It started one day a few years ago while I was sitting in Irene's apartment reading a magazine. Someone else was also reading a magazine nearby, in the bathroom. He spent a good half hour reading his magazine and sitting in a position which had to have been putting a lot of pressure on everything down there. When he finished his business and came out with magazine in hand, someone else in the room exclaimed, "That took a long time! You're going to get hemorrhoids!"

I had heard this word -- hemorrhoid -- before, and I remembered seeing a commercial for Preparation H, a hemorrhoid cream, on TV.

"That's how you get hemorrhoids?" I asked.

"Yup," the room said.

"What exactly are hemorrhoids?" I asked.

And then Irene began explaining what they were, an explanation that would change my life forever.

"It's when you spend too long on the toilet or try to hard to go and then your intestines get pushed out because you're trying too hard," she said.

"Your intestines can get pushed out?" I repeated in disbelief.

"Yeah, that's why they always tell you not to strain too much." I had never known Irene to be an expert in bathroom matters, but that day she sure seemed to be the expert on the more serious issues of going #2.

From the Preparation H commercial, all I could remember was the man on the toilet with the pained look on his face. And now I knew why. If you had hemorrhoids with your intestines spilling out, you would look like that too. Preparation H, a cream that promises to soothe the burning, would seem like a God send. But would a cream be enough?

I don't think I went to the bathroom for a few days after that. It's safe to say that from that day on, I made sure to eat enough fibrous things so that I wouldn't have to worry about any intestine eruptions.

And now, in addition to hemorrhoids, I worry about getting colorectal cancer like Alan or diverticulitis like Nathalie. It just goes to show that you never know when your intestines might pop out or when your large intestine might strike out in anger.

Wednesday, April 1, 2009

It Sucked and Then I Blurted Out My Secret Dream

With the exception of that one run in with Bill Maher at a club on the Sunset strip on my 21st birthday, I am generally a very star struck person. But then, I guess it depends on how you define "star." If I admire someone's work (in whatever capacity he/she works it), then it's safe to say that I will become a giggly, nervous bit of mess if I meet him/her. I like to think that I kept it together pretty well when I met Dave Eggers a few years ago -- the first time at a painting party at 826LA and the second time at his book reading for What Is The What. (Which, if you are ever bored, happens to be a very fun book to ask for at a bookstore... Here is a true story from my own experience to prove it:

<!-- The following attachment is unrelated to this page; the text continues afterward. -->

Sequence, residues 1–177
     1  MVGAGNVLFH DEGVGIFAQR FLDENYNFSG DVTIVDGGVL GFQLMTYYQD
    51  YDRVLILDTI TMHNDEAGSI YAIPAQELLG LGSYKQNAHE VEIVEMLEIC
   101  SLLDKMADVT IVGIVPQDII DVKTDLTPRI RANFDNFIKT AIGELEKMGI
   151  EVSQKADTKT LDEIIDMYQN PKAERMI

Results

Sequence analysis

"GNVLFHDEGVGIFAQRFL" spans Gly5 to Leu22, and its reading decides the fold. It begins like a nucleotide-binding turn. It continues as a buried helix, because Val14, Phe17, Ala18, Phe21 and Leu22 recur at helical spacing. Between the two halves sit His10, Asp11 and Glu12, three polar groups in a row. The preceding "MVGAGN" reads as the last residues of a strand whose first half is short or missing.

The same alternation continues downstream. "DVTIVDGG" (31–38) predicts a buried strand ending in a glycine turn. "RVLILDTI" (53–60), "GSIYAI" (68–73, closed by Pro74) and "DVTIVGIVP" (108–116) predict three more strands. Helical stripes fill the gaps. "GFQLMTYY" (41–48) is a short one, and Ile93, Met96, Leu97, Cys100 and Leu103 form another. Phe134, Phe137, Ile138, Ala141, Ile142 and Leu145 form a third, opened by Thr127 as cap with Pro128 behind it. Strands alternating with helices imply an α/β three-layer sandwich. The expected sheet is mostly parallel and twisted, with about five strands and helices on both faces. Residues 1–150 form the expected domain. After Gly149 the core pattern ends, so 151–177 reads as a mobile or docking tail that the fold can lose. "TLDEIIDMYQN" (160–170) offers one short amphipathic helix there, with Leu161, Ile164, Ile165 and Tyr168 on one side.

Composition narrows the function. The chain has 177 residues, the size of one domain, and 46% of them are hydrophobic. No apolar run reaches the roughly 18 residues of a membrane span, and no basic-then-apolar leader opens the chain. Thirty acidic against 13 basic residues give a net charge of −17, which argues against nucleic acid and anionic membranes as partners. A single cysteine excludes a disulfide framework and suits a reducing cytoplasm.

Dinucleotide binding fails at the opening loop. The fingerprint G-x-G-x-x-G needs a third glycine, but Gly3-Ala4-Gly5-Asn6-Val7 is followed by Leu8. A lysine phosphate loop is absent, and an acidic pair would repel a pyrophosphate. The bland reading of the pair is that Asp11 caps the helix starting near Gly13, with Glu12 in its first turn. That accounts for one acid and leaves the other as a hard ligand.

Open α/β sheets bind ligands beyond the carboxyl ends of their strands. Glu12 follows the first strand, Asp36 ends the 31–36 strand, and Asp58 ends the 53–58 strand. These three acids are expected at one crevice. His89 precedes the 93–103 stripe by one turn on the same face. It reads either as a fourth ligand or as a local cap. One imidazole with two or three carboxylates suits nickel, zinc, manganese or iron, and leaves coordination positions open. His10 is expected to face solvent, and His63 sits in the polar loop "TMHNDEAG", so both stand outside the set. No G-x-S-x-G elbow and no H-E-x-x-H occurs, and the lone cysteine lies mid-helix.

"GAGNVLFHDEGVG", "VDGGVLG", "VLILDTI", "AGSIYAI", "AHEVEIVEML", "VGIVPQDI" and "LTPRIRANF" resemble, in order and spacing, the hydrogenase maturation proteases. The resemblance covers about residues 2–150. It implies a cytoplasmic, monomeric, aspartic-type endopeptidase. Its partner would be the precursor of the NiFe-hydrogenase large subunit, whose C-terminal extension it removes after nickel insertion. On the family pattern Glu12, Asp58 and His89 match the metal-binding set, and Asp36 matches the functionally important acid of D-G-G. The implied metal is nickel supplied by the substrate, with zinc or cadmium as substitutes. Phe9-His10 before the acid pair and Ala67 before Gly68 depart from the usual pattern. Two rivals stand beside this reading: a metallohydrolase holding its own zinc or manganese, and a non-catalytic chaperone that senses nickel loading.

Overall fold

"Excuse me, can I help you find something," the store clerk asked.
"Why yes," I said, "I'm looking for a book."
"And what is the title?" the clerk asked.
"What Is The What," I said.
"The title?" the clerk repeated.
"What Is The What," I said again.
"The title? What is the book's title??" the clerk demanded impatiently.
"What Is The What!" I insisted.)

Tonight, Preethi, Tanu and I all went to Dooce's book signing for her new book It Sucked and Then I Cried. And as expected, when it was my turn for her to sign my book, I became star struck and just stared at the top of her head as she began signing her title page. When she looked up she said some very articulate words, something like "Hi!" and maybe "Thanks for coming!" And in response I blurted out my secret dream of wanting to be a professional blogger, and for good measure, added that she inspires me. She laughed and said it is a fun job, but hard. When my 5 seconds of talking with her were up, I walked away to find Preethi and Tanu and I'm sure Dooce was thinking to herself, "Mountain View sure brings out the crazies!" It probably didn't help that I reappeared 5 minutes later to take pictures of everyone with her.